Steven Butala:                   Yeah.

Jill DeWit:                            Do you have the latest and greatest access?

Steven Butala:                   I’m sure they don’t.

Jill DeWit:                            That’s one thing.

Steven Butala:                   I’m sure of it.

Jill DeWit:                            So it’s so interesting. We might be coming on a big shift here as far as what’s really needed with that. ‘Cause we all know too, if you ever do … look, we all know if you’ve ever done a property, bought and sold a property and had title right, and you ever actually read the title report, they only guarantee what they can find.

Jill DeWit:                            That’s it. That’s it. They don’t guarantee anything else that they can’t find. So if I can find and I have access to more than them, I kind of wonder what the point is. I’m going to get off this.

Steven Butala:                   Every once in a while you say, “Look,” all the kids are like … and me too. We’re like, “What did she say? What did I do?” And sometimes in the office, too, it’s like everyone stops, she said, “Look.”

Jill DeWit:                            “Look, listen here.”

Steven Butala:                   That’s it, right there.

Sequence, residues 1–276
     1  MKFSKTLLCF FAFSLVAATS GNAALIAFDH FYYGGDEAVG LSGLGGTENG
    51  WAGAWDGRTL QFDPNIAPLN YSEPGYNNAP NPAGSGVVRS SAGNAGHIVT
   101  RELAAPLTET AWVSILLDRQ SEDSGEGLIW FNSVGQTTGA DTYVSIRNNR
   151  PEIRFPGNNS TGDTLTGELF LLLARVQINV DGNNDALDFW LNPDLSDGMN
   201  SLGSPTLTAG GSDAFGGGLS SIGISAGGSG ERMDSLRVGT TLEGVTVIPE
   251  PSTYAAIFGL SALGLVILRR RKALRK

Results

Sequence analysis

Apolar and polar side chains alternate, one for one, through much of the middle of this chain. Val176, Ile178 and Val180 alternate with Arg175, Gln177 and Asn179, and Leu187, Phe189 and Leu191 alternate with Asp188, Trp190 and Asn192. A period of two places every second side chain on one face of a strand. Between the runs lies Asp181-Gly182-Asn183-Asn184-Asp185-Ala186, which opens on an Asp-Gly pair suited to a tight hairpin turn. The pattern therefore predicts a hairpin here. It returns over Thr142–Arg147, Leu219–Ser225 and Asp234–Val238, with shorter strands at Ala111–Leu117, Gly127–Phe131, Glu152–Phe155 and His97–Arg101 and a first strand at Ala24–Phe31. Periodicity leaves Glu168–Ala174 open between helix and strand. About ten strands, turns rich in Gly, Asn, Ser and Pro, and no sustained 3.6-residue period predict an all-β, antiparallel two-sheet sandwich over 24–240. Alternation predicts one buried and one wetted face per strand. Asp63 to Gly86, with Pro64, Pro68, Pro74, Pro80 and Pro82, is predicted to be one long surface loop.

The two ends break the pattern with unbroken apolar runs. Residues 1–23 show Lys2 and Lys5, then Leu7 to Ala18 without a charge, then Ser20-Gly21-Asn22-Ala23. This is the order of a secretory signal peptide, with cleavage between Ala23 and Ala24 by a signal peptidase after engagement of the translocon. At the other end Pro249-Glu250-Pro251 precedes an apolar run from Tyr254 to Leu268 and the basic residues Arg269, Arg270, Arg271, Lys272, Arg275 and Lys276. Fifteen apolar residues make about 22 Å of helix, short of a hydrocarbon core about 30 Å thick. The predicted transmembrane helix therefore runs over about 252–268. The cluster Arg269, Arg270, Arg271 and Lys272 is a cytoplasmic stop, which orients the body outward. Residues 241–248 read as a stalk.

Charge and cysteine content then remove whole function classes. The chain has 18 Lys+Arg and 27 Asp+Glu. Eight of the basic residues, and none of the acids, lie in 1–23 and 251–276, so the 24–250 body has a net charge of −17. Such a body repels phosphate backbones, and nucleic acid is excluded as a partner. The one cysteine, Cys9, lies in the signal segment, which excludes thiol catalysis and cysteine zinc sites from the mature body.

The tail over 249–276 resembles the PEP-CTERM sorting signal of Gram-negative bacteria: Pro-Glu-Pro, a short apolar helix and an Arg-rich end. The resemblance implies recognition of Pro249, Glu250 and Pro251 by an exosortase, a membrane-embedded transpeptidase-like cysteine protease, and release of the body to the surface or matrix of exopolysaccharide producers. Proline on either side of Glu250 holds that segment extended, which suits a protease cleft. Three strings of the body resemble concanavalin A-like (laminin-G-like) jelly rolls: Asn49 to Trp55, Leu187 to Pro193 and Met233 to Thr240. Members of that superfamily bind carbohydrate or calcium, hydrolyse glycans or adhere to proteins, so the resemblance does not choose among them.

Jill DeWit:                            That’s right. “Look, listen, title agents. I’m not seeing the value. You need to up your game. Sorry.”

Steven Butala:                   Join us next time for the episode called, the real deal on these silly land education courses.

Jill DeWit:                            And we answer your questions posted on our online community. Found at, it is free.

Steven Butala:                   You are not alone in your real estate ambition.

Jill DeWit:                            Yeah, I liked that.

Steven Butala:                   I mean, we scratched the surface on this. There should be books or series of books, like textbooks, on keeping with technology and the business that you’re in.

Jill DeWit:                            Exactly.

Jill DeWit:                            Except as soon as you write it, it’s outdated.

Steven Butala:                   Yeah. No, it should be like … it shouldn’t be a book. It should be like … I know there’s like keeping up with like a website subscription thing about, “Here’s the latest and greatest stuff on how to close a real estate deal.” And this is probably what our company is.

Jill DeWit:                            That’s kind of who we are. Thank you. I’m not going to say it. You know what I was going to say but I’m not going to say it.

Jill DeWit:                            Wherever you’re watching or wherever you’re listening, please subscribe and rate us there. We are Steve and Jill.

Steven Butala:                   Information.

Jill DeWit:                            And inspiration.

Steven Butala:                   To buy undervalued property.